A Passion for Birth: passing on the baton

                     My family - 5 girls

                    My family - 5 girls

I recently read Sheila Kitzinger’s biography – A Passion for Birth. The first thing that struck me was the synergy between Sheila’s life and mine. It was quite a revelation.  Poles apart in terms of heritage and social standing, Sheila and I not only have similar names, but Sheila was born to a strong rebellious mother as I was, she was mother to five girls, and I am the youngest of five girls.  Like Sheila, there is no division in my life between work and home – it all blends into one, and childbirth and women’s human rights thread through the core.

Until I read her biography, I wasn’t aware of these aspects of Sheila’s life. The book reveals facts about this legendary woman, who set the scene for radical change in childbirth practice in the UK and around the world, and challenged us to think about the experience of childbirth as a potentially exciting, exhilarating, and fundamentally important event.  Sheila's work and passion epitomizes the ROAR of childbirth activism.

During the first part of my career, in the early 1980s, birth activists were mystical beings that I never saw – and inspirational texts were far less accessible.  Individuals like Ina May Gaskin and Sheila Kitzinger influenced my thinking, my practice, but their physical presence was far from my life.  These inspirational women provided me with ideas for ‘another way’, when I was immersed in a culture where ‘doing to’ women was the norm, and permission was not sought for routine unnecessary medical intervention.

Having been brought up in a family of only girls, gender inequality hadn’t occurred to me, even though my wonderful mother, like most women, did the ‘double shift’ of paid work and unpaid housework and motherhood.  Until I read Sheila’s work I didn’t understand the enormity of women’s rights, and how childbirth was fundamental to the struggle.  During my early career childbearing women were compliant, and any woman revealing that she’d attended NCT classes was labeled ‘difficult’ even before the next sentence. Midwives conformed to hierarchies too, and bullying was accepted. I remember a time when I was reprimanded by my colleagues for ‘allowing’ a woman to have a bath shortly after giving birth. The midwives were horrified, as it was the usual routine for a woman to have a bed bath shortly before being transferred to the postnatal area. I couldn’t believe it. I’d worked in the GP maternity unit (that was part of the same organisation) for years prior to this, and there it was normal practice for women to soak in a bath immediately after birth. My superiors told me I was practising dangerously. I challenged the directive, and there began my first move to try to influence maternity care, and I contacted other units in search for evidence. I was never confident even though my belief was strong.  I was considered rebellious (for such a simple thing) and ‘alternative’.  It was around this time that I read Sheila’s book, Pregnancy and Childbirth (1980) – it was a revelation.  My instinct to question unnecessary rituals was founded, and looking back, it was then I began to ROAR.  With a few like-minded midwives, mostly fellow members of the Association of Radical Midwives we searched for evidence to support change. I was fortunate to work with an enlightened head of midwifery, Pauline Quinn, who listened to feedback about our maternity service from women who had their babies with us, via a local NCT tutor. Clare Harding was a highly educated individual, and a member of the Maternity Services Liaison Committee.  Slowly, things began to change. The separation of mothers and babies, binding engorged breasts, giving milk supplements to breast-fed babies, and enemas, pubic shaving, routine episiotomy gradually became activities of the past. But it wasn’t easy, and if it wasn’t for the injection of information and assurance via articles and books from people such as Sheila, I would have been more reticent.  The compassion within me that lead me to choose midwifery as a profession, that helped me to try to be courageous, was often tested. Like others, I was often fearful….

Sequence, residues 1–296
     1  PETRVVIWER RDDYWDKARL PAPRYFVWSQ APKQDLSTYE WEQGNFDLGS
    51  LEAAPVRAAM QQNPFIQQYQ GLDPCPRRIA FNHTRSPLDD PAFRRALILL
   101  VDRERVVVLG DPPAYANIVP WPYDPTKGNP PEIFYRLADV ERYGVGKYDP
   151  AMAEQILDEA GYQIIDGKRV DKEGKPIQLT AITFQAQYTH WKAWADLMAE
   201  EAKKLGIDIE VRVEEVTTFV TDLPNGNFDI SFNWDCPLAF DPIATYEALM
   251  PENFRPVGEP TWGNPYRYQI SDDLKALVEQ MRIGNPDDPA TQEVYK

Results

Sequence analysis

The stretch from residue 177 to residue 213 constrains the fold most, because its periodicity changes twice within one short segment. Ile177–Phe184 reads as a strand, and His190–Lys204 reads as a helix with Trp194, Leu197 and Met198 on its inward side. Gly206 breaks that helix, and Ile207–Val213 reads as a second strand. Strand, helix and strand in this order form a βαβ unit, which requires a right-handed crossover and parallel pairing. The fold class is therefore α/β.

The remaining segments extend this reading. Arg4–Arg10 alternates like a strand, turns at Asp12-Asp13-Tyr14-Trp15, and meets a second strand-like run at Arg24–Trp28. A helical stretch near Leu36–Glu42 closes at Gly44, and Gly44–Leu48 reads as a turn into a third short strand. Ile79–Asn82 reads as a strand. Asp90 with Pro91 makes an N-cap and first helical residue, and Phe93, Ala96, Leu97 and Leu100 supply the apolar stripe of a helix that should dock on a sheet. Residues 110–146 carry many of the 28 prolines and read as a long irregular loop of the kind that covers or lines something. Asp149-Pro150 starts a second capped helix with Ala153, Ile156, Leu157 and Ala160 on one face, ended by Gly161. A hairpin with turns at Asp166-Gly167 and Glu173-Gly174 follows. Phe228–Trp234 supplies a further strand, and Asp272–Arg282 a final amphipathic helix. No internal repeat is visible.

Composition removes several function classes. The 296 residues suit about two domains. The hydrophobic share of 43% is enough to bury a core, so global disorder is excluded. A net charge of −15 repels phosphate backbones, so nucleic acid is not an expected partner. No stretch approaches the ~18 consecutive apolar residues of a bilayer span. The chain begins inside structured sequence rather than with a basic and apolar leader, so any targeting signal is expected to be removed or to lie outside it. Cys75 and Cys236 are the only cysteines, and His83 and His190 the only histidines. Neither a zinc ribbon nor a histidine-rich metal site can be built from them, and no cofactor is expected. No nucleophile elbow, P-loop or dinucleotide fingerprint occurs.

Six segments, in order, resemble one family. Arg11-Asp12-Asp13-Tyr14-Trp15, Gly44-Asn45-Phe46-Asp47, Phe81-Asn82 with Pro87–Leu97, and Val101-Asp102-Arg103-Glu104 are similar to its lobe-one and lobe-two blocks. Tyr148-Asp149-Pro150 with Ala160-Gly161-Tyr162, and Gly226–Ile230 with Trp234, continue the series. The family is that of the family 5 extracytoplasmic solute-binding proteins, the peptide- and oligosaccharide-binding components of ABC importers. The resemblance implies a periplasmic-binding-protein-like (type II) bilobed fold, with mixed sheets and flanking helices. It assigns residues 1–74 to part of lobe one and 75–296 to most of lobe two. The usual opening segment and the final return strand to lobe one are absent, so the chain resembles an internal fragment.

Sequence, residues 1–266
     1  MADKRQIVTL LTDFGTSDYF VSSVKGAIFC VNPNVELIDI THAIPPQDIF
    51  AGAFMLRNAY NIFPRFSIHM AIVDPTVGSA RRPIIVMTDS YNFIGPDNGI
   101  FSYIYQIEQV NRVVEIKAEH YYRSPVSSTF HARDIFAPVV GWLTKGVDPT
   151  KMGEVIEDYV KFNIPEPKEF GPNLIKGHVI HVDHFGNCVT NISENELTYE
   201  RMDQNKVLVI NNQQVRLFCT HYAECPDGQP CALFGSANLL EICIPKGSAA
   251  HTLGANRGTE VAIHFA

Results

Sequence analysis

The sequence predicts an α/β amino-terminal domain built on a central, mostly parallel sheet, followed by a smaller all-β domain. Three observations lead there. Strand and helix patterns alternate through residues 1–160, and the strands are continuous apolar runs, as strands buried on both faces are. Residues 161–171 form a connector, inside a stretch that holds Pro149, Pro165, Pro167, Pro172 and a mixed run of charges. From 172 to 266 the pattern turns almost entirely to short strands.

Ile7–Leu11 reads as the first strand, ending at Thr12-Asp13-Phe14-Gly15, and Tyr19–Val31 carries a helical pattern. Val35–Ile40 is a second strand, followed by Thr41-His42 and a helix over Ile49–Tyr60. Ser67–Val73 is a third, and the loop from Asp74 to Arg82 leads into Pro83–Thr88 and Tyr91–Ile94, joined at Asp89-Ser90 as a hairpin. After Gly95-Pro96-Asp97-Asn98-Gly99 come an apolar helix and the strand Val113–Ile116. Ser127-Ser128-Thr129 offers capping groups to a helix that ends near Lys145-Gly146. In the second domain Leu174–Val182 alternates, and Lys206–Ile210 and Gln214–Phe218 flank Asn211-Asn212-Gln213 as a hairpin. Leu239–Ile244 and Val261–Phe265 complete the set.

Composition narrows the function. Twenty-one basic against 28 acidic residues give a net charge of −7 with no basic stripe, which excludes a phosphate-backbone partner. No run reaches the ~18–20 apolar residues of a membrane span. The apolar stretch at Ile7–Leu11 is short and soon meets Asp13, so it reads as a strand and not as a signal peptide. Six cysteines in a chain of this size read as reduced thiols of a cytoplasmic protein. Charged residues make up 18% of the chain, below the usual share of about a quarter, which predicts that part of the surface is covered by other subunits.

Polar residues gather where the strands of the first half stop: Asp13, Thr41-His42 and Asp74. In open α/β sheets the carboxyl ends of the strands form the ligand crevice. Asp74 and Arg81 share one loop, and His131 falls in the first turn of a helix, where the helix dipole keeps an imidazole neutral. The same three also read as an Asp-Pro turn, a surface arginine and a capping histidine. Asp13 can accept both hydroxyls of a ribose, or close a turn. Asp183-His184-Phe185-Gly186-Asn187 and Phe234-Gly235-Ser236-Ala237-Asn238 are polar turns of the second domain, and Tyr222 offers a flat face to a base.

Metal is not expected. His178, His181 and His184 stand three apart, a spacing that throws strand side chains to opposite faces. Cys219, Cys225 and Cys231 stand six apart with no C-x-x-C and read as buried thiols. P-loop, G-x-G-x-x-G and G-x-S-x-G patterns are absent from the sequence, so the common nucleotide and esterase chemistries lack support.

Today we have evidence, and greater access to midwifery and obstetric leaders who continue to push boundaries to promote and support women centred care. We can even chat to them via social media channels. Social media also enables us to learn about innovative practice, and can link us with like-minded individuals then we can join together to enable a greater, unified message.  However, we also have the increasing fear of recrimination, of litigation and doing the ‘wrong thing’, that is leading to defensive practice and vicious circles of despair and distress. This isn’t resulting in a safer service, quite the opposite.  Because of this, and due to our extensive networks, Soo Downe and I decided to bring together a global voice to speak out and identify the need for another way, and to highlight practice where positive change has been made.  We wanted to convey the notion of a link between compassion and love as a antidote to fear, and to try to encourage practitioners to acknowledge the difference between real fear that protects us, and manufactured fear that potentially leads us to practice defensively, and adds to an already stressful situation (Dahlen 2010),.   

And through the years leading up to the birth of The ROAR Behind the Silence, Sheila’s philosophy has underpinned my actions, my search for courage, and my attempt to spread compassion.

Sheila Kitzinger certainly handed me the baton, and I am always willing to pass it on.




Dahlen H (2010) Undone by fear? Deluded by trust?  Midwifery 26, 156-162